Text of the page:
The day World War II came to Placerville - January 29, 1943

by Placerville Newswire / Jan 28, 2017 / comments

(Ron Briggs)

January 29, 1943 is when Placerville entered its name in the long list of cities suffering World War II casualties. It happened in a small field nestled between the Brandon and Wallace Ranch’s off Highway 49 1 ½ miles off Wallace Road four mile north of Placerville half way to Coloma.

Around 3 pm Captain Lawrence Wagner lifted his Mitchell B-25D US Army Air Corps bomber off from Hammer Field in Fresno at 3 pm heading to Medford, Oregon then onward to home at McChord Field near Tacoma, Washington. He and his officers: co-pilot 1st Lt Alto Dolan and bombardier 2nd Lt Dennis Sattler sat through an 8 am weather briefing indicating inclement weather ahead with icing conditions between 6,000 and 15,000 feet. They decided to return to the afternoon weather briefing to see if conditions had changed, they hadn’t. However, the weather officer suggested flying over the storm at 20,000 feet for the majority of the one and a half hour flight would enable the bomber to safely fly over the inclement weather. Capt Wagner said if things got too rough they could turn bail and with a smile said “we can always bail out”.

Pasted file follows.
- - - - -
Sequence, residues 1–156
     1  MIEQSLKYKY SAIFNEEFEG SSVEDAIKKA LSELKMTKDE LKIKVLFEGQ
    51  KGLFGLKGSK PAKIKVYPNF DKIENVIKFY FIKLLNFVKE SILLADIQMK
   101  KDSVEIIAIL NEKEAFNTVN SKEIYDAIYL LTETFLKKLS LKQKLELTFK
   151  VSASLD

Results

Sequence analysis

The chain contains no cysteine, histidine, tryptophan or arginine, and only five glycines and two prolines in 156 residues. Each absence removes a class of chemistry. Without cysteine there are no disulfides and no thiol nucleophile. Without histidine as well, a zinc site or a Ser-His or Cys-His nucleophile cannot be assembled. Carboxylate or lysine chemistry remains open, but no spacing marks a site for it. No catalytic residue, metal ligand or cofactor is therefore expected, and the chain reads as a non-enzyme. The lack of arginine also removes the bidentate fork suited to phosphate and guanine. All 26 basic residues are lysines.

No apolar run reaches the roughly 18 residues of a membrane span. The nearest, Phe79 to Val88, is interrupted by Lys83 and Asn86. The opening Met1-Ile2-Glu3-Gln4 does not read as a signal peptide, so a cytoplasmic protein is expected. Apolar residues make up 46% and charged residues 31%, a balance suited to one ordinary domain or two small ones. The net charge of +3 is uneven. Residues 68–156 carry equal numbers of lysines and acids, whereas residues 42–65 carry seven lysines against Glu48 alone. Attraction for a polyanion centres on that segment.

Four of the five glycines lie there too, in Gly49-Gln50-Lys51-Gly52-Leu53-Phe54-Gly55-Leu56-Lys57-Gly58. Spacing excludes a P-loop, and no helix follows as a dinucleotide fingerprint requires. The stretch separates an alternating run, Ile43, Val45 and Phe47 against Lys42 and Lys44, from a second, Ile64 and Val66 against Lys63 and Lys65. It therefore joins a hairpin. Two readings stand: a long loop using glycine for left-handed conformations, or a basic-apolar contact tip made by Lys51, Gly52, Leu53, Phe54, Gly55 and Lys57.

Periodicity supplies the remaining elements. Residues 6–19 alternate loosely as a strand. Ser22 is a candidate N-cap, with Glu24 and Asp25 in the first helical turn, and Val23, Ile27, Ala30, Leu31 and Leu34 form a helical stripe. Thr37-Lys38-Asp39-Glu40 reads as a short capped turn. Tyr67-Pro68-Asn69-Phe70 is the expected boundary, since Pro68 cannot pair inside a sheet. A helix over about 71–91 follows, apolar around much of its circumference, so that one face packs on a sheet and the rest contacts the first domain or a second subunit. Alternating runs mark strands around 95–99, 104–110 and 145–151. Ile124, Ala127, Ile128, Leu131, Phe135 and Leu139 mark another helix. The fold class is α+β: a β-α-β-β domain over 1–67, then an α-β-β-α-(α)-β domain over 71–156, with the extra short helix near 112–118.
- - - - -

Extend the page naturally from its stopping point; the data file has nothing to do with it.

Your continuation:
At 2:35pm the decision to go was made and the plane lifted off shortly before 3pm. Staff Sergeant Harold Glarum was the flight engineer; 2nd Lt. D.O. Stattler was the navigator; in radio operator chair sat Technical Sgt Robert Morris and four feet away S/Sgt Robert Huddleston sat in the top gun turret and S/Sgt George Ostrowski was furthest back in the tail, sitting near the exit. Their cargo consisted of military supplies and munitions.